Building brand authority for your service based business is a long-game marketing strategy. But, these 7 actionable ideas can be started today.
Brand authority is a tool that can be an amazing tool to leverage if your business is selling a service, an idea or an expertise. Whether you own a social media marketing company, a personal brand that speaks on stages or an author who sells their written word, building your brand’s authority is a great way to support your business goals.
But what does it even mean to have brand authority? Isn’t it just the latest buzzword?
The not-so-secret, secret? It doesn’t happen overnight and it’s not something that you can 1-2-3 step your way into.
There are, however, a few strategies and tips to keep in mind as you work towards building brand authority in your space.
So today, we’re going to explore all things brand authority – what it is, how to build it and why it matters.
In This Article
>> What is brand authority?
>> Why do you need it?
>> Determine what, in fact, you want to be known for
>> Publish valuable content on a regular basis aligned with your brand’s expertise
>> Have a consistent and cohesive brand presence – internal and external
>> Make guest podcast appearances on related podcasts
>> Speak to relevant groups about an area of your brand’s expertise
>> Showcase client testimonials, results and work related to your expertise
>> Pick a marketing strategy and stick to it
>> Additional brand resources
What is brand authority?
Here at WCO, we define brand authority as the earned perception of trust and impact, within a particular area of expertise, that a brand has on both its customers and industry.
And just like building a brand, your brand’s authority doesn’t happen overnight – perception is a long game. Additionally, you don’t have 100% total control over how reliable, experienced, credible or trustworthy your audience thinks your brand is. They determine how much brand authority your business has and more often than not, it’s dependent on how much trust, respect and connectedness they have with your business.
Why do you need it?
As a service provider or brand selling an expertise, consumers are looking for industry experts they can trust and rely on. To know that their investment is going to be a resource well spent.
So, how do we determine what’s a good investment and what’s not?
When we have so much information to take in, it can be overwhelming to compare and contrast dozens of options. This overload leads us to people and brands that we can trust to be that voice of reason in making a decision – and that’s where brand authority comes in. The goal is to be trusted enough to hold that perception in a person’s mind as a support for decision making.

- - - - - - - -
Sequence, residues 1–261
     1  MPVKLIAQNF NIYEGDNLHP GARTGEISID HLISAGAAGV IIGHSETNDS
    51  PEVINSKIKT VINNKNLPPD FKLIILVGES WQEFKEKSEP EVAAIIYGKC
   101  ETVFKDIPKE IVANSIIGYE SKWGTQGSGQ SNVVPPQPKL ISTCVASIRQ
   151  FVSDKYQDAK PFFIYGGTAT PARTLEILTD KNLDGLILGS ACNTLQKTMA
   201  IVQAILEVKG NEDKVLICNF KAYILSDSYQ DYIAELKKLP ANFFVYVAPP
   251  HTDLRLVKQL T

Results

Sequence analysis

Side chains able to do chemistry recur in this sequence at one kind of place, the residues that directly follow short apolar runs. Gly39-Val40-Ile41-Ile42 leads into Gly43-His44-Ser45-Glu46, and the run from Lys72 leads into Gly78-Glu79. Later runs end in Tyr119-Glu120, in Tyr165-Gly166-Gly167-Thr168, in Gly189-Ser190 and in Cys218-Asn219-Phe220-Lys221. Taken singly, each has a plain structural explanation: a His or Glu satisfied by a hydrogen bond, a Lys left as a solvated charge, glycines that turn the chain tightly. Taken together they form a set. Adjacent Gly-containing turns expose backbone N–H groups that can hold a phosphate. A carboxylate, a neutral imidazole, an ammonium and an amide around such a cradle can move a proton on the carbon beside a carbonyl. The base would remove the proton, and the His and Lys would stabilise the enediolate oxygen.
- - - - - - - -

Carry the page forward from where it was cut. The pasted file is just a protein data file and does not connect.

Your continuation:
Determine what, in fact, you want to be known for
There’s an exercise that we go through with clients and it’s all around this idea of defining and getting clarity on the one thing they want to be known for. Because, it’s really, really hard to be perceived as an authority in #allthethings.
The goal here is to think about how you want people (ideally, your right people) to perceive your brand and your work, and determine what it is that you want to be associated with. To have brand authority in what space, area, category, etc.
Think about how you work, who you’re a great fit for, the results that you deliver, the experience that you provide – what comes to mind when you envision two people having a conversation and someone saying, “Oh, you have to go to [your business] because they’re so great at [xyz thing]!”
The idea being, once you determine what you want to be associated with most, you can then work to build brand authority for that thing.
Publish valuable content that’s aligned with your brand’s expertise, regularly
Regularly is chosen intentionally because it’s a subjective word – it can mean every day, every week or every month. The idea, though, is that you are picking a cadence and sticking to it. Often, we’ll come outta the gate with the expectation that we’ll post 3, 4 or 5 days per week but after a few weeks, that number slowly starts to creep down. Instead of having that drop off, pick a doable schedule from the start so that you can maintain it for a long period of time.
The other piece to this is sharing content that’s valuable and aligned with your expertise, the thing you want to be known for.
Determine what valuable means to your brand and keep that in mind when you show up to share. For example, perhaps valuable to you means sharing a vulnerable story that builds connection but to someone else, it means sharing an actionable tip that can be acted on that day. There’s no right or wrong answer here, but rather, to get clear on how you’re defining valuable content and showing up in alignment with that determination.
Have a consistent and cohesive brand presence – internal and external